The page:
An Anchorage physician charged with fraudulently billing Medicaid over the course of four years appears to have billed more than $1.1 million for medical appointments that never took place, according to final audit numbers released by state prosecutors Wednesday.
Dr. Shubhranjan Ghosh was charged in April with fraud, tampering with evidence, and more than a dozen controlled substances charges. He was initially charged with fraudulently billing Medicaid more than $300,000, but prosecutors had said at earlier hearings that the amount would likely increase. The state says Ghosh and his former office manager Nathaniel Carter worked together to fraudulently bill Medicaid beginning in 2010.
On Wednesday, the state released the final audit numbers during a bail hearing in a downtown Anchorage courtroom. Of the $1.1 million Ghosh allegedly fraudulently charged Medicaid, his practice was paid roughly $600,000, state prosecutor Andrew Peterson said after the hearing.
Ghosh, 39, is the sole practitioner at Ghosh Psychiatric Services in South Anchorage, primarily treating children with mental health issues. Following the charges against him, Ghosh was barred from billing for Medicaid. He continues to practice, Peterson said, although his clientele has shifted and he now treats more adults.
Peterson asked the court that Ghosh, who was out on $200,000 cash bail, be barred from prescribing all opioid prescriptions, such as hydrocodone or morphine, given that the nature of the charges against him. Ghosh has been charged with 15 controlled substance charges for alleged prescribing of hydrocodone for friends and himself. These opioid prescriptions were not necessary prescriptions to allow him to continue his practice, Peterson said.
Peterson also asked Judge Philip Volland to institute either a physician-monitoring program, in which a physician would monitor the drugs Ghosh prescribes patients, or allow for the state to review his prescriptions though a prescription database monitoring program.
Defense attorney Ronald Offret argued that the bail measures already in place, which include an ankle monitor and drug testing, were enough. “It gets draconian after a while,” he told the court.
Offret said the state was “trying to shut Dr. Ghosh down from his practice to make it more difficult for him.”
Offret said that the main informant in the case, former office manager Nathaniel Carter, had made many of the claims against Ghosh. Carter was convicted of manslaughter in 1997 and was not credible, Offret said. Carter made a plea deal with the state in exchange for becoming an informant, prosecutors said in April.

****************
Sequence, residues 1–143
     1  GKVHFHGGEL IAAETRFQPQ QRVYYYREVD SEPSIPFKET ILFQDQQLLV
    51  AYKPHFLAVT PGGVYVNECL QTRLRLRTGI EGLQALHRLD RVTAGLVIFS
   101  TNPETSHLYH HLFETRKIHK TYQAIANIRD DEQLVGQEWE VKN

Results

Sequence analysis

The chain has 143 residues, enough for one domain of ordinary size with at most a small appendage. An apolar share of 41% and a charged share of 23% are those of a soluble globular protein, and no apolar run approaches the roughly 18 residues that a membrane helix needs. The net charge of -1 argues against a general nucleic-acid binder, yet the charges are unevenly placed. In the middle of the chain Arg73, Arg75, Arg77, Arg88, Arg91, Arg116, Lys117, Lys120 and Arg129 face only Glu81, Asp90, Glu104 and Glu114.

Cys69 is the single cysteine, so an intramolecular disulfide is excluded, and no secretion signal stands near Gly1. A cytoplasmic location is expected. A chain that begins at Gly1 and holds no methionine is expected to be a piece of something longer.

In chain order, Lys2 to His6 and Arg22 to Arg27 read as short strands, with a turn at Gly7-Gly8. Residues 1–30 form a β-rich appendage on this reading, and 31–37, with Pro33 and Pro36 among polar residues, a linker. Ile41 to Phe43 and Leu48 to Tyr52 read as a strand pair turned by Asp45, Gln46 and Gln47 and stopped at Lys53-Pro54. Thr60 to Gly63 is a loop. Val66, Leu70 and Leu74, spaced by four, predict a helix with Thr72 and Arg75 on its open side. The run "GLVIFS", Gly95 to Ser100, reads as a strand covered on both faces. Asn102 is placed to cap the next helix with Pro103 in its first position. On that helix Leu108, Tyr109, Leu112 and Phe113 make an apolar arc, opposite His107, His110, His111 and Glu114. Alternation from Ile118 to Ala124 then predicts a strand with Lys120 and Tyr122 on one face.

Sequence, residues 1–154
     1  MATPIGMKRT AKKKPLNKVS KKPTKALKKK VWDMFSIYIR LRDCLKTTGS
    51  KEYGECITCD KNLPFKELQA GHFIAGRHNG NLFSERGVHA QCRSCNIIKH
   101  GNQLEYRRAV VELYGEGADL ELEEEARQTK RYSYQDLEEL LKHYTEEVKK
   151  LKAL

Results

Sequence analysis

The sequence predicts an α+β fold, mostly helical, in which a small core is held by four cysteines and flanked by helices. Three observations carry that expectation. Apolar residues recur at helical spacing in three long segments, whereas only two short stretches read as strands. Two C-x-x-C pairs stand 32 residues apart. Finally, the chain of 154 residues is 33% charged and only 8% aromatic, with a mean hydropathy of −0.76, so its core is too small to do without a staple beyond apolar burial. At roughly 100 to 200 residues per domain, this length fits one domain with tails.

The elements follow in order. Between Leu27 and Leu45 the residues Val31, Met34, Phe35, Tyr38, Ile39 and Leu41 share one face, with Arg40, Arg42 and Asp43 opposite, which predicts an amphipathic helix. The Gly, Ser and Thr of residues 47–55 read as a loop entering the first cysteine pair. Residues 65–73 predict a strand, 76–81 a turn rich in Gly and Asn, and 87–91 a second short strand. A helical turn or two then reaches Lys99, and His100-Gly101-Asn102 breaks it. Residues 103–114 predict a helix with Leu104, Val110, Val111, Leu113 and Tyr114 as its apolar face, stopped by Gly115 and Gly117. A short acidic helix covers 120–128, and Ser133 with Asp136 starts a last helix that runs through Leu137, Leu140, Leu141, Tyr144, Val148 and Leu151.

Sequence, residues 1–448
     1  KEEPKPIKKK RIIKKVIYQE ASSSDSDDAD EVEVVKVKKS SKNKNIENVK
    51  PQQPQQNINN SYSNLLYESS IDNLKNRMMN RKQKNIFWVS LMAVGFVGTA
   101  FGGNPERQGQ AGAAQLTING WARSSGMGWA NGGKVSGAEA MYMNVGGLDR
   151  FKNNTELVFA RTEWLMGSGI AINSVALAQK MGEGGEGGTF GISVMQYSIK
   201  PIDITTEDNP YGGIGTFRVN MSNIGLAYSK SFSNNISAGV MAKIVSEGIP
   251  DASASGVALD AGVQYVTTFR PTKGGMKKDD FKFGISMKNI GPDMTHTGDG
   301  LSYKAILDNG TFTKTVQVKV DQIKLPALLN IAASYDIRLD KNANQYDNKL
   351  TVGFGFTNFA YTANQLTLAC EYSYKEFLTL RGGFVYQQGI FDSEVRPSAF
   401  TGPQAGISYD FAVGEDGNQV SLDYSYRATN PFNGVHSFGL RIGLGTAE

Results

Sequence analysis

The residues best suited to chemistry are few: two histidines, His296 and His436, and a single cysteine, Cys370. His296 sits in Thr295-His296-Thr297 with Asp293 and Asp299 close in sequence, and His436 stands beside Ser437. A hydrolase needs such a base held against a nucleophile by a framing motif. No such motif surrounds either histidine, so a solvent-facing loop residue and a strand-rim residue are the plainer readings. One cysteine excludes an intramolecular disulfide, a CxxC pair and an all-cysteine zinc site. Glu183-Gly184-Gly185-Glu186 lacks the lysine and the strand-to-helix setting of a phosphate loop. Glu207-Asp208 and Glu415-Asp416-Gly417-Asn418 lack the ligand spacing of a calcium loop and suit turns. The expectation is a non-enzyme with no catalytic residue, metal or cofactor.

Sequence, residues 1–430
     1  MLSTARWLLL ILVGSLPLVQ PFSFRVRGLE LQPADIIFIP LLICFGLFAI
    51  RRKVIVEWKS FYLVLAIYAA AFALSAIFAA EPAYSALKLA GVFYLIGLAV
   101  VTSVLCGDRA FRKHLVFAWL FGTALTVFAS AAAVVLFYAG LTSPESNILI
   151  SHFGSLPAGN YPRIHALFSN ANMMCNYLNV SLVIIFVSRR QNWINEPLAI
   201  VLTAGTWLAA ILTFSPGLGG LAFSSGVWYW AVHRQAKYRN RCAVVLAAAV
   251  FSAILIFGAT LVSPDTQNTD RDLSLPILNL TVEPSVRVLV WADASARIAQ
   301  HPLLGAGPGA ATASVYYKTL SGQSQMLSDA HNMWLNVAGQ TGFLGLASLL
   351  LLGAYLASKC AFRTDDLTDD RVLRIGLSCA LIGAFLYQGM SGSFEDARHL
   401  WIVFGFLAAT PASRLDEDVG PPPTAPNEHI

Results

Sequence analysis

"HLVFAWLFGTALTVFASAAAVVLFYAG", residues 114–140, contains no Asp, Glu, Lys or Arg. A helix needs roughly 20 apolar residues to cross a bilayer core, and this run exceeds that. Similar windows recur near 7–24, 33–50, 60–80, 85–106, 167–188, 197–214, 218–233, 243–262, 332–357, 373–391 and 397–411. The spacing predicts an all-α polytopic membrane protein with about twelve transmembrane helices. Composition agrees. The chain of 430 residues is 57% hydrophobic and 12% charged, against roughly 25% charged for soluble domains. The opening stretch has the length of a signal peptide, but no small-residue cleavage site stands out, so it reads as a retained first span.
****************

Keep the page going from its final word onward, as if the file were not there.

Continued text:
Offret said the state made “a deal with the devil.”
Judge Volland ruled that Ghosh be barred from prescribing opioids, but he declined to add additional conditions the state was seeking. If there was a concern regarding Ghosh’s writing of prescriptions, the state would execute a warrant to review the prescription database, Volland said.
The allegations against Ghosh stem from investigations into his clinic that began in September after a woman working at the office tipped off investigators. The woman told investigators that she had first noticed a problem in July 2013, when she discovered a charge for a patient who hadn’t been seen that day. Office manager Carter allegedly told her that he and Ghosh had been submitting false Medicaid bills for years. Carter also told her that he had created false billings for his kids, the charging documents state.
Peterson told the court during a bail hearing in April that Carter acted as an informant in the case. Ghosh told Carter during a taped conversation that the state would likely find more than $1 million in overpayments.
During the April bail hearing, Peterson also told the court that Ghosh had tampered with evidence, had written multiple opiate prescriptions for friends and that Ghosh himself had a prescription drug problem.
Ghosh Psychiatric Services began billing Medicaid in 2010 and has since billed more than $3.5 million to the government program, according to charging documents.
Ghosh is facing 18 felony charges and one misdemeanor charge, according to online court records. Those charges include scheme to defraud, tampering with evidence, and 15 controlled substance charges.